The British sporting goods retail chain has acquired all business assets, including the stores and the stock, of the department store chain, which went into administration.
Sports Direct rescues House of Fraser. The British department store chain has been acquired out of administration by the sporting goods retailer for 90 million pounds (99 million euros). Earlier today, the group appointed EY as administrators and said the business will continue trading while it tried to complete a sale.
The deal reached with Sports Direct includes all House of Fraser stores in United Kingdom, the company’s stock, the trademark and all group shares. The department store chain operates with 59 centres in the country and employs around 5,000 employees.
House of Fraser was in a delicate situation since last week, when C.Banner, owner of toy retailer Hamleys, cancelled the acquisition process after months of negotiations. As it was planned, C.Banner would have taken a 51% stake in the business to invest 70 million pounds (79.8 million euros) in the aching company.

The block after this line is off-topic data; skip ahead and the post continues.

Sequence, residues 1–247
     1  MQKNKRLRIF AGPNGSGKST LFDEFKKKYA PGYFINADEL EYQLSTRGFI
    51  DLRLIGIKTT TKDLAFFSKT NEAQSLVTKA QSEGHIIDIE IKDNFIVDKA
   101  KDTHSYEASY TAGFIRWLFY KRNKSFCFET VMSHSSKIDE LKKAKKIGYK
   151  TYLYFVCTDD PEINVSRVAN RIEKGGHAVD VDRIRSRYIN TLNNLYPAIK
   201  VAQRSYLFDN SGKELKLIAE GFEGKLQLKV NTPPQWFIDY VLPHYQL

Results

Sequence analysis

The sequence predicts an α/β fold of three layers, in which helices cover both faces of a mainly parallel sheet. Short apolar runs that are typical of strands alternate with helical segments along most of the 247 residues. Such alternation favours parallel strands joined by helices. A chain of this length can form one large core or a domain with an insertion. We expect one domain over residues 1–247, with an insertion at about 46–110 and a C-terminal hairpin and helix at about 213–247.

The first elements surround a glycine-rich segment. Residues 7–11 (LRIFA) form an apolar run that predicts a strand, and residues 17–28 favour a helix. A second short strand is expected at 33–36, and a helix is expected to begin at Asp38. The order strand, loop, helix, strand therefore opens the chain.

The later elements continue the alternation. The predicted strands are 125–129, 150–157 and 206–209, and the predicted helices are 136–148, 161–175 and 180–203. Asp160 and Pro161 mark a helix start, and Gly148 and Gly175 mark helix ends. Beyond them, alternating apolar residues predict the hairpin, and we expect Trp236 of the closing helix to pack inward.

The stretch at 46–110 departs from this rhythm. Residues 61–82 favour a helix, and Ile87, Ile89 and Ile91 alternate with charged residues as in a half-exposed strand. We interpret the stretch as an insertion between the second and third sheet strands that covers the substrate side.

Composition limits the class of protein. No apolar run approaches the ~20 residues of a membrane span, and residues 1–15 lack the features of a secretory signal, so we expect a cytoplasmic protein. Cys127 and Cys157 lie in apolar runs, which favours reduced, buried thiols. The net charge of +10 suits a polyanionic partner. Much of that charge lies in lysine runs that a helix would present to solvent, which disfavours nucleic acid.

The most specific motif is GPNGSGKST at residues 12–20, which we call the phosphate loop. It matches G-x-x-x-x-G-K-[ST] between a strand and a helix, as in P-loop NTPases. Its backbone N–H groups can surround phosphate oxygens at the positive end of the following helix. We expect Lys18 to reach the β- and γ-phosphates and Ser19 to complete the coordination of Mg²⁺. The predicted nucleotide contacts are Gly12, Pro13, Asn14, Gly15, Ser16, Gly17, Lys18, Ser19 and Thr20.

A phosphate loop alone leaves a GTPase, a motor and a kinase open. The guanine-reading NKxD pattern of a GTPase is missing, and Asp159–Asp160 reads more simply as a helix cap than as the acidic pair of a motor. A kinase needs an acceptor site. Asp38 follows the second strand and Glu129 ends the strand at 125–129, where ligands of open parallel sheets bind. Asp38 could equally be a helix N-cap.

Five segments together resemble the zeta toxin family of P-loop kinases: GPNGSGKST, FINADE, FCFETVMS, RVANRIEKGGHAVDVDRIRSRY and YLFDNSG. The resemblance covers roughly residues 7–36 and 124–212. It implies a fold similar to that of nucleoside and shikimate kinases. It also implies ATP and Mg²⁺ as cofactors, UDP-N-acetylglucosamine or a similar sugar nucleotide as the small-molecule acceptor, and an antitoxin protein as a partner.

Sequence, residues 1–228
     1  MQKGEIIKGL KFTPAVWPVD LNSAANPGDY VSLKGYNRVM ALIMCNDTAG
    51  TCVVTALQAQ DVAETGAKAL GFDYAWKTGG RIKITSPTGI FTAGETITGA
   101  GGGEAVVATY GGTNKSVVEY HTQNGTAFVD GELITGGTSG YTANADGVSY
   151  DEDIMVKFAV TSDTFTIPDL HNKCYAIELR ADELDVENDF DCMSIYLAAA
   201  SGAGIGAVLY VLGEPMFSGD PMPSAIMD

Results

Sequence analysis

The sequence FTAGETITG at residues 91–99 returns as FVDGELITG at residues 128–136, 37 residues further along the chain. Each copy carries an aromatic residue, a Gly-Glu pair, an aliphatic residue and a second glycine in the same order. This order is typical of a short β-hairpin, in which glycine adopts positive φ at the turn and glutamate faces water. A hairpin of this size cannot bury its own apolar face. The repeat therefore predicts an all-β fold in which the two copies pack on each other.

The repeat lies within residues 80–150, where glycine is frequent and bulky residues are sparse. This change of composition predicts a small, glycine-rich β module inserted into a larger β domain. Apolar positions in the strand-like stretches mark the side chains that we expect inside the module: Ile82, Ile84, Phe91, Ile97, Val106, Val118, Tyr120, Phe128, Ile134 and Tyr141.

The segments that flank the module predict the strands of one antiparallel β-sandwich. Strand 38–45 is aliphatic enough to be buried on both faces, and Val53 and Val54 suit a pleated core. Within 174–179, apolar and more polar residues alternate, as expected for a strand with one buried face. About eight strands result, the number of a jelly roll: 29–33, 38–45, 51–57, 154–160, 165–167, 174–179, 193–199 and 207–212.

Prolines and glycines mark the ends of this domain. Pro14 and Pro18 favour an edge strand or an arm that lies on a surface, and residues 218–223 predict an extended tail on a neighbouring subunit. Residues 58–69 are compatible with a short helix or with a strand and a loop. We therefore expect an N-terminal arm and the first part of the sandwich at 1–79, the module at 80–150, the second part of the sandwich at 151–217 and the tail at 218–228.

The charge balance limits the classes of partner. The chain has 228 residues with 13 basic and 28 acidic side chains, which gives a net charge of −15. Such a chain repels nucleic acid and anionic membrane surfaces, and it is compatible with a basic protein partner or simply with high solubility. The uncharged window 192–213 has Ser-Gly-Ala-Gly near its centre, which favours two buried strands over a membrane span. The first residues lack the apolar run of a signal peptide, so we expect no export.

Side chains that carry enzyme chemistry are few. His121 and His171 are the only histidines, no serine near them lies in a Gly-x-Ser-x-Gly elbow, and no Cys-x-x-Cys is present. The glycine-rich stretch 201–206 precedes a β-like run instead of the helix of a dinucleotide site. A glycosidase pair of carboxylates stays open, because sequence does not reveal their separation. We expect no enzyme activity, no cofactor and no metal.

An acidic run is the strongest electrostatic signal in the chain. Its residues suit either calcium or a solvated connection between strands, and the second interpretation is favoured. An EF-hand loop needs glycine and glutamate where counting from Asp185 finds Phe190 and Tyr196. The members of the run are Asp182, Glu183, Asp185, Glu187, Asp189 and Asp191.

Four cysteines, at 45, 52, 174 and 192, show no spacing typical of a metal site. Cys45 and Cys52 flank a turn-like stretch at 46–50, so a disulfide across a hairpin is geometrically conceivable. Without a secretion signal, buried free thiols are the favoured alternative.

House of Fraser went into administration this morning, after it failed to reach an agreement with any of the frontrunners to buy the business
Mike Ashley, owner of Sports Direct, was already a shareholder of House of Fraser, as well as in other retail businesses such as Debenhams, JD Sports and intimates label Agent Provocateur. As of yesterday, Ashley, Edinburgh Woollen Mill's owner Philip Day and turnaround specialist Alteri Investors were among the favourite candidates to rescue House of Fraser.
House of Fraser ended the last fiscal year (closed on January 28, 2017) with assets amounting to 946.3 million pounds (1,051.3 million euros) and a net profit of 14.7 million pounds (16.3 million euros). Sports Direct registered revenues of 3.36 billion pounds (3.7 billion euros) in fiscal 2017, up 3.5%. Profit before tax reached 77.5 million pounds (87 million euros) in the same period.